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History of the Barrhead Co-operative Society Ltd.
Chapter X. The Educational Department

Early Educative Action—Formation of Education Fund—Reading-Rooms —Lectures-—New Committee—Women’s Guild—Mechanics’ Library— General Work of Education Committee.

“The sovereignty of man lieth in knowledge.”

IN these days we have grown so familiar with the work of the educational committee—its lectures, entertainments, distribution of literature, penny savings bank, women’s guild, junior choir, gala-day, excursions, and other activities—that it is difficult to believe that the Society had been in existence for' a quarter of a century before a separate educational committee was appointed. It would be wrong, of course, to assume that until the committee was elected no educational work was done. In point of fact there had been no period of the Society’s life at which educational matters were altogether neglected, although a number of years had to elapse before funds were expressly put aside for that purpose. The decision to devote a certain proportion of the profits to education was arrived at in the end of 1868; but, in spite of the fact that they had no distinct fund to draw upon, the directors yet found ways and means of doing various things of an educative

Top Row’— MrS WILLIAMS (.V). Mrs FARRELL, President (.V), Miss CUTHBERTSON, Secretary (A ), airs RENFREW (.V), Miss MORRISON, Treasurer (iV). Centre Ron-— Mrs Miller (), Mrs LAWSON (5), Mrs Miller (B), Mrs Nicol (}, Mrs Buchanan (fi), Mrs Hawthorn {.). Front Rowv— Mrs CAMPBELL (/?(, Miss SHAW, Secretary (B), Mrs GOLDIE, President (B), Mrs ARMSTRONG (B\. Mrs SPROULL, Treasurer (B). Mrs Dykes (B\, Miss m‘Donald (,V). *V.—Neilston Guild. B.—Barrhead Guild.

character. Thus members of committee were regularly supplied with copies of the Scottish Co-operator (cost halfpenny per month), and at intervals a free distribution of the little paper was made to the members. There were also a few lectures, with long intervals between, the speakers being principally Messrs Paton, M'innes, Borrowman, and Allan.


In the twenty-seventh quarterly report (February 1868), the directors give expression to a desire for the provision of funds for educational objects. “ We hope,” they say, “ that every member will endeavour to have the Society organised and consolidated upon the true principles of co-operation, and see that it is conducted not only to increase the material advantages, but also with a view to enlarge our intellectual capacity. The best way to accomplish the latter would be to have an education fund, which it is hoped our Society will not be much longer without.” Nine months later, the first allocation as a separate item for the education fund (5, 18s. 6d.) appears in the quarterly report, but the administration remained in the hands of the board until 1885, when an educational committee was first elected by the members.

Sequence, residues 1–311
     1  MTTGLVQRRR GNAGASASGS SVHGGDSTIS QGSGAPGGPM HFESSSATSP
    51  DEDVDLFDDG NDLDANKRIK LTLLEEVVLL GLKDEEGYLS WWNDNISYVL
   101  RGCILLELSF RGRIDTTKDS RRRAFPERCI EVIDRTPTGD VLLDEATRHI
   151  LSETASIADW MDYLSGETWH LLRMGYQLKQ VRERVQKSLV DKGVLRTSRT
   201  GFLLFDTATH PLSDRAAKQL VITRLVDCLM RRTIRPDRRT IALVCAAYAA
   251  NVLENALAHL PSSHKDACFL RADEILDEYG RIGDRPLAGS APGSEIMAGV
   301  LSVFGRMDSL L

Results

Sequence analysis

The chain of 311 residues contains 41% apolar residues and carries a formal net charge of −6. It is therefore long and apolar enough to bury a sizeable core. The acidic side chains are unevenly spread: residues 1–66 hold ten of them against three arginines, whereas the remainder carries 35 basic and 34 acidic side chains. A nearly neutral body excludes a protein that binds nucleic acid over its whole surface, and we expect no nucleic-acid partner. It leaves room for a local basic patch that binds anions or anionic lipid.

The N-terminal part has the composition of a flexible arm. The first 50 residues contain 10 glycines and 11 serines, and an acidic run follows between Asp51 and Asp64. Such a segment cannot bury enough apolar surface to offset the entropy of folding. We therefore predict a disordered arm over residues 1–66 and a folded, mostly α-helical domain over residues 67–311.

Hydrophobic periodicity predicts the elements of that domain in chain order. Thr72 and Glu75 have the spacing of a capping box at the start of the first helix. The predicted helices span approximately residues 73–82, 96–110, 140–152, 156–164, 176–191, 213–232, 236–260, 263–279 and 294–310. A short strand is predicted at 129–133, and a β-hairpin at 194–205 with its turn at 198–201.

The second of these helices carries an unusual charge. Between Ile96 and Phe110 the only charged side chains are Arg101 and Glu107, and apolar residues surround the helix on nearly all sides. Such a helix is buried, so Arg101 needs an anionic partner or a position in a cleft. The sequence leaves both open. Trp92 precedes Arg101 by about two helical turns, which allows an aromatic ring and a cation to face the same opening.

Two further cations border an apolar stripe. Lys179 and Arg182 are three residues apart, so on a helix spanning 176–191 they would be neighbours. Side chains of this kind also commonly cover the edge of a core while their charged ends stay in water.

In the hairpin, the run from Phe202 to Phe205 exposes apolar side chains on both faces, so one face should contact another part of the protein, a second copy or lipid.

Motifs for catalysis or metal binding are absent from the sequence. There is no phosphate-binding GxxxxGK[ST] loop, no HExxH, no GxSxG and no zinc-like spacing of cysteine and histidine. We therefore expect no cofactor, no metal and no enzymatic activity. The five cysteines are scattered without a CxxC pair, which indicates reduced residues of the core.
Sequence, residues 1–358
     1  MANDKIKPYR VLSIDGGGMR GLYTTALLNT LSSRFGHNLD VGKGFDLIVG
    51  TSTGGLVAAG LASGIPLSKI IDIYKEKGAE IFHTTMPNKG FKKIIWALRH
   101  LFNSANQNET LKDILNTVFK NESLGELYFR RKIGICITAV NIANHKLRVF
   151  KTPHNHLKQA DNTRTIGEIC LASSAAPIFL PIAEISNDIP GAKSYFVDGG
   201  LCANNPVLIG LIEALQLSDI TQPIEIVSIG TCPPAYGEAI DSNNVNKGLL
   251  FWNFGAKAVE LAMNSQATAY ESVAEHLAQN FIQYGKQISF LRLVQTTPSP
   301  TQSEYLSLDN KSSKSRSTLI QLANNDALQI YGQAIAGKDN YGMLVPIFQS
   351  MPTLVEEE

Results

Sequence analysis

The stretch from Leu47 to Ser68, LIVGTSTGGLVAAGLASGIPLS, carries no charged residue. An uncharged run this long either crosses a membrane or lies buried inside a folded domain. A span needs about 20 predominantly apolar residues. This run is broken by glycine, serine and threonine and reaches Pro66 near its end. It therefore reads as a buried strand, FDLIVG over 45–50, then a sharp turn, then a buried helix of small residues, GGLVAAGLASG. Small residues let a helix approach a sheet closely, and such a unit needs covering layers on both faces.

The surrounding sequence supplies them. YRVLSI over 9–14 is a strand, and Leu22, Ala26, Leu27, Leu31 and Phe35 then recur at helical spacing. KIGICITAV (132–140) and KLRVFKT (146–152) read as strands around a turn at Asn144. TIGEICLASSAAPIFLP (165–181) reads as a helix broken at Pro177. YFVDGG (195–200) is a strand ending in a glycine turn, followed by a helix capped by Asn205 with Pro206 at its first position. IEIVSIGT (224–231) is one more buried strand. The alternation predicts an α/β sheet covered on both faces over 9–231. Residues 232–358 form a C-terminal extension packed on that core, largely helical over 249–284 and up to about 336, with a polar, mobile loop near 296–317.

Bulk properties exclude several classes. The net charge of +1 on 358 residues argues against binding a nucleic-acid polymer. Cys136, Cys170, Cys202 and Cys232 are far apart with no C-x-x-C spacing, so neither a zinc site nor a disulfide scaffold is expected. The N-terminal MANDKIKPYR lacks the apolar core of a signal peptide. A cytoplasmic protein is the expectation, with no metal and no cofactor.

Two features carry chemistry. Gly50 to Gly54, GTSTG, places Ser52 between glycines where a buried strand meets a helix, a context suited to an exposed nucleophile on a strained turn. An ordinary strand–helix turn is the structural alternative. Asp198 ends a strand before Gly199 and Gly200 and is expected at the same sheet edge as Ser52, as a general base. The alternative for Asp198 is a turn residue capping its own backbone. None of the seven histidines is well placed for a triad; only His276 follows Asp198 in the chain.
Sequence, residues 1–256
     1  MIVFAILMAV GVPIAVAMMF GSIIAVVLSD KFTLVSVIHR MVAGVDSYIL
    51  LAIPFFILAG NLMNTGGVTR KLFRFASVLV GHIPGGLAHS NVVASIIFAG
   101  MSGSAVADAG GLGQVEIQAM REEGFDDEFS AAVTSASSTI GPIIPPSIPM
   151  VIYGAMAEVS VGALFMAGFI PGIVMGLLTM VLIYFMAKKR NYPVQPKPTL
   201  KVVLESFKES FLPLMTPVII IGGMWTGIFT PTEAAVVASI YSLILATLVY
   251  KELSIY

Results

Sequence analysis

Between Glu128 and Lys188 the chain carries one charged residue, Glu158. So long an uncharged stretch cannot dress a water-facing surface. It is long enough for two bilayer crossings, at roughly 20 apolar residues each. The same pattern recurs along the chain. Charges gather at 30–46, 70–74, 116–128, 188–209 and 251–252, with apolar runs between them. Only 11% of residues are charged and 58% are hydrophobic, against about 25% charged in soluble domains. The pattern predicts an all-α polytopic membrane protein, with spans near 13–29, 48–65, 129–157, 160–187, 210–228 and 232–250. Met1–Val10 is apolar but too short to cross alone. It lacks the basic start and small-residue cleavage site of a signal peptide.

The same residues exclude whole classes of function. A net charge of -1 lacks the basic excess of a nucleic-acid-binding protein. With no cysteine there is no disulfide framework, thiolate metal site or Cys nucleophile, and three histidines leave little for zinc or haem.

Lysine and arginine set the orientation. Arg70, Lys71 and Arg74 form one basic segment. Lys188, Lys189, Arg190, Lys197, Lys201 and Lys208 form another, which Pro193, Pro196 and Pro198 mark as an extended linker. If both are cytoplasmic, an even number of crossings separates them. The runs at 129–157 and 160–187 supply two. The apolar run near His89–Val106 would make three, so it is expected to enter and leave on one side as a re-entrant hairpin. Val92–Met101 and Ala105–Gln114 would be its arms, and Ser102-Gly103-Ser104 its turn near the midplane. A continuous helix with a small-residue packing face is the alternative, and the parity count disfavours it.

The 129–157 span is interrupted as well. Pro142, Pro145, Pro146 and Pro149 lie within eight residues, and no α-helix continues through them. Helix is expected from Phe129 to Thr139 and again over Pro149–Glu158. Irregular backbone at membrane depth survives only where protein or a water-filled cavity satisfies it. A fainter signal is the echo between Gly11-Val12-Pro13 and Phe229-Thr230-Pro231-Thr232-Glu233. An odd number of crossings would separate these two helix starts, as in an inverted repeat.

The first definite purpose to which the educational fund was applied was the provision of a reading-room for the use of members and their families. In October 1870, the chairman, Mr John Allan, drew attention to this fact, and expressed the hope that the supply of newspapers and magazines provided would be well used. He also suggested that the major portion of the time spent in the reading-room should be devoted to the discussion of all subjects bearing directly or indirectly upon the moral, social, and intellectual elevation of the workers. In July 1873 a similar reading-room was opened in Neilston, and in this case the list of papers and magazines with which it was furnished is given as follows:—Co-operative News, Good Words, Chambers’s Journal, Daily Mail, Daily Herald, Evening Citizen, Glasgow Reformer, and Renfrewshire Independent.


No lectures would appear to have been given for some time after the formation of the fund, the first that are noted being in 1872 when “ one of the auditors ”— afterwards referred to as Mr Robert Craig—gave a series of three lectures on “ Thfc Balance-sheet and Co-operative Bookkeeping.” These lectures were given in the old Mission Hall, which was situated in the little lane leading down to the gasworks from Main Street—a lane and buildings which have entirely disappeared in the course of modern improvements, A year or two later the board appears to have felt the management of the education department, in addition to its own proper work, to have been too heavy for it, and it began a system of electing a separate committee, partly from its own membership and partly co-opted from members who were thought likely to prove useful in this sphere.


Both Barrhead and Neilston reading-rooms were seemingly very popular to begin with; but in the course of a few years this popularity, for some reason, declined, and in 1879 they were given up and the stock of books, games, and furniture was sold by auction.


Dissatisfaction with the board’s management of the education fund, and with that of the special committees which it elected at intervals, was frequently expressed at the general meetings, and in 1881, and again in 1883, motions were brought forward for the formation of a distinct committee to superintend this work. On each of these occasions the motion was defeated, and it was not until 1885 that the members agreed to the proposal. The following members constituted the first educational committee elected under this new arrangement:—Messrs Robert Campbell, Gavin Mackinlay, Alexander Gowans, John Martin, and Andrew Landels (convener). Almost from its formation this committee initiated a programme which has been followed with slight alterations by all the committees succeeding it. A series of popular lectures by popular and prominent speakers was provided ; papers on various topics were read to smaller gatherings by members and others, and a singing class and junior choir started. The committee also undertook the better distribution of the co-operative newspapers and other literature, and when the penny savings bank was commenced, in 1891, it was immediately put under the control of the educational committee. Amongst the more prominent public men who lectured for the committee in these earlier years we note the following names:— James Keir Hardie, M.P., E. O. Greening, Tom Mann, Ben Tillett, Fred Maddison, James Deans, Henry Murphy, and Councillor Shaw Maxwell.